04/02/2008 05:12 am ET | Updated May 25, 2011

Blackstone Co-Founder Peterson On Wealth, McCain, And Fiscal Responsibility

Peter G. Peterson is a man of parts: leveraged-buyout billionaire, policy wonk, social lion, and--most recently--the patron of an ambitious new foundation (named, like the Washington think tank he chairs, after himself) that aims to alert Americans to the dangers of mushrooming deficits, exploding entitlements, and gluttonous oil addiction.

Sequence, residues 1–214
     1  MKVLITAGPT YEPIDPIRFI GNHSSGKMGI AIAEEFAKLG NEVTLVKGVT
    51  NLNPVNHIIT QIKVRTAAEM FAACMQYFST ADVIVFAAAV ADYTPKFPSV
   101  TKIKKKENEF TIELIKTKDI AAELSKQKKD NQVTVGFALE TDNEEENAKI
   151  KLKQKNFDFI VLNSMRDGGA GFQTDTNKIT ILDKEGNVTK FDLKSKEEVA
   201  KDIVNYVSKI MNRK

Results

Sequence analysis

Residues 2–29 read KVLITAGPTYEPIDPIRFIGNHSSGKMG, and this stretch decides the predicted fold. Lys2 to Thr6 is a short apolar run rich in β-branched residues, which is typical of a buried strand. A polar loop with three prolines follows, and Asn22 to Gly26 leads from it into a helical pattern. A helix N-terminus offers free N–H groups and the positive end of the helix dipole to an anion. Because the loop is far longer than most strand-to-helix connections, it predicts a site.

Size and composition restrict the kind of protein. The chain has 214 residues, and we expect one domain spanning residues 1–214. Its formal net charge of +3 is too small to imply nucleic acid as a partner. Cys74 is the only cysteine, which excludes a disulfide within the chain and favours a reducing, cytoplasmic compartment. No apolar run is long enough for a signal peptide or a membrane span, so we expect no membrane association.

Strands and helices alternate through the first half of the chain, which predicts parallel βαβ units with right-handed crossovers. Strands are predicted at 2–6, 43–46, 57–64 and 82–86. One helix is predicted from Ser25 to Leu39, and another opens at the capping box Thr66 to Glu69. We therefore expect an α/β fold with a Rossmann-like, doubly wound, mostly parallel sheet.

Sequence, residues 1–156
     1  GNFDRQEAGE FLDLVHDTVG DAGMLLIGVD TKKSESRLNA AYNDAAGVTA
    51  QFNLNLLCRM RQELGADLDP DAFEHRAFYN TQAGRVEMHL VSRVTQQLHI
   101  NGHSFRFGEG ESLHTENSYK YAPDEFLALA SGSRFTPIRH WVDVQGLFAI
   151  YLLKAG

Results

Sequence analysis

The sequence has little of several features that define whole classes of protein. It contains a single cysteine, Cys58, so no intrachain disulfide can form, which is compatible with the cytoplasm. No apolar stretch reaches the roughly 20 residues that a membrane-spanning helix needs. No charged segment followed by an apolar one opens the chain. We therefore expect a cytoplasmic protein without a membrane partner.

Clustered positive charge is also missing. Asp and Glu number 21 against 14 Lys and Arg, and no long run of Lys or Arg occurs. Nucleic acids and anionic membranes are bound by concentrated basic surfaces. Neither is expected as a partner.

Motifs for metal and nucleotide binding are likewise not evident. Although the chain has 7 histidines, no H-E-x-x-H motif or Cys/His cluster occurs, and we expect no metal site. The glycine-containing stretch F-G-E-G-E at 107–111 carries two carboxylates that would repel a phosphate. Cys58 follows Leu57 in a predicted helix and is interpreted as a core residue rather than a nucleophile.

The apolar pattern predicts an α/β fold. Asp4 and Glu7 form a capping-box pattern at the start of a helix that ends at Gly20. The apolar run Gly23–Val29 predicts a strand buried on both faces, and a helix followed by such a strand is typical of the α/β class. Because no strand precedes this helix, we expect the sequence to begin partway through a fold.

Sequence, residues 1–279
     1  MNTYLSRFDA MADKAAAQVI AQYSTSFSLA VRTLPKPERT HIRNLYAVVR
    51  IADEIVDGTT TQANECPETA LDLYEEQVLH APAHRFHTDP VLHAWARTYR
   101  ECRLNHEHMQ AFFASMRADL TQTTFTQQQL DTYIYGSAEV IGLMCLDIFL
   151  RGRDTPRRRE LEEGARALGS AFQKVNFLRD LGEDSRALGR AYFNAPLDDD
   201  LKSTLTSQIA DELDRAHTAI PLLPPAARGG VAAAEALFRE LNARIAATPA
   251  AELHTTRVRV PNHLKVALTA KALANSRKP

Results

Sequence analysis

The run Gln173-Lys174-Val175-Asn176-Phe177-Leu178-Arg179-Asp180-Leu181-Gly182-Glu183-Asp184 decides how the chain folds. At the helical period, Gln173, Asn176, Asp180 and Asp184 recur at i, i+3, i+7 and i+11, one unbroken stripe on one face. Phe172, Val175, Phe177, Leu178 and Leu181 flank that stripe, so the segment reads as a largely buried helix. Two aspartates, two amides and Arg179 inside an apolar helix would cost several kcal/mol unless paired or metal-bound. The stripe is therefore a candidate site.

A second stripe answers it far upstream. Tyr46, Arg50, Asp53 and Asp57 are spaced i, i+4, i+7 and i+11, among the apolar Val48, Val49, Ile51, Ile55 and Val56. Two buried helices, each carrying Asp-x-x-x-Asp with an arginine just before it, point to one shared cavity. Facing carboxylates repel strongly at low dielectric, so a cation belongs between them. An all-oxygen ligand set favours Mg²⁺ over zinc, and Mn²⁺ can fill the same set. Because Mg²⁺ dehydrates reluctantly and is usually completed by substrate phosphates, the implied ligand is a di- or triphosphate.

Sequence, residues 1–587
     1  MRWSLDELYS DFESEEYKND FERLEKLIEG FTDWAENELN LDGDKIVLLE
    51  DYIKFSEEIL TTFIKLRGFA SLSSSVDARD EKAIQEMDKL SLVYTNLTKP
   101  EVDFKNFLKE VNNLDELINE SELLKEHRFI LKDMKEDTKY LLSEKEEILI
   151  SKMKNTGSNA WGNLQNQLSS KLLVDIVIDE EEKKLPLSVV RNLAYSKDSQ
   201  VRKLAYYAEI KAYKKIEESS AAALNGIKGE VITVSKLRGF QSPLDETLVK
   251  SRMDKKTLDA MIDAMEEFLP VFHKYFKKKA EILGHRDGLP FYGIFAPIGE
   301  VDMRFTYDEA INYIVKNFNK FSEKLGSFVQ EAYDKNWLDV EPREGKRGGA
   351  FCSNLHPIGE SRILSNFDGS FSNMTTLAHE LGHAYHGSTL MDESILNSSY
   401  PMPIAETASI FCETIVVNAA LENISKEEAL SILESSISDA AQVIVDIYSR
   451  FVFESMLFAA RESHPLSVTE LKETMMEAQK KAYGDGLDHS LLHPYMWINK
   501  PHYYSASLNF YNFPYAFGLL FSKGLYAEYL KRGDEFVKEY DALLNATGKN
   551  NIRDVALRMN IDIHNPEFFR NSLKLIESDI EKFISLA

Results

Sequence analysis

At 81--rich, privileged, and well-connected beyond his dreams--Pete Peterson is an unlikely Paul Revere. He's the Nebraska-born son of striving Greek immigrants, who studied hard, excelled in business (rising through the ranks of the McCann Erickson advertising agency and then running Bell & Howell), and impressed the likes of philanthropist John D. Rockefeller III and former Treasury secretary Douglas Dillon with his public-spirited bent. They sponsored his induction into the American Establishment, and Peterson ended up serving as Richard Nixon's international economics expert, and then Commerce secretary, before running Lehman Brothers for more than a decade. In 1985, Peterson was nearly 60--and ripe for a rewarding retirement--when he and a young financial whiz named Stephen Schwarzman decided to start a small private equity firm, the Blackstone Group, whose name was an amalgam of theirs (schwarz meaning black in German and petros meaning stone in Greek). Now the senior chairman of the hugely successful firm, Peterson received $1.8 billion as a result of Blackstone's initial public offering and plans to pump as much as a billion dollars of his own money into his new foundation. Three weeks ago, he sat down with for an exclusive interview.

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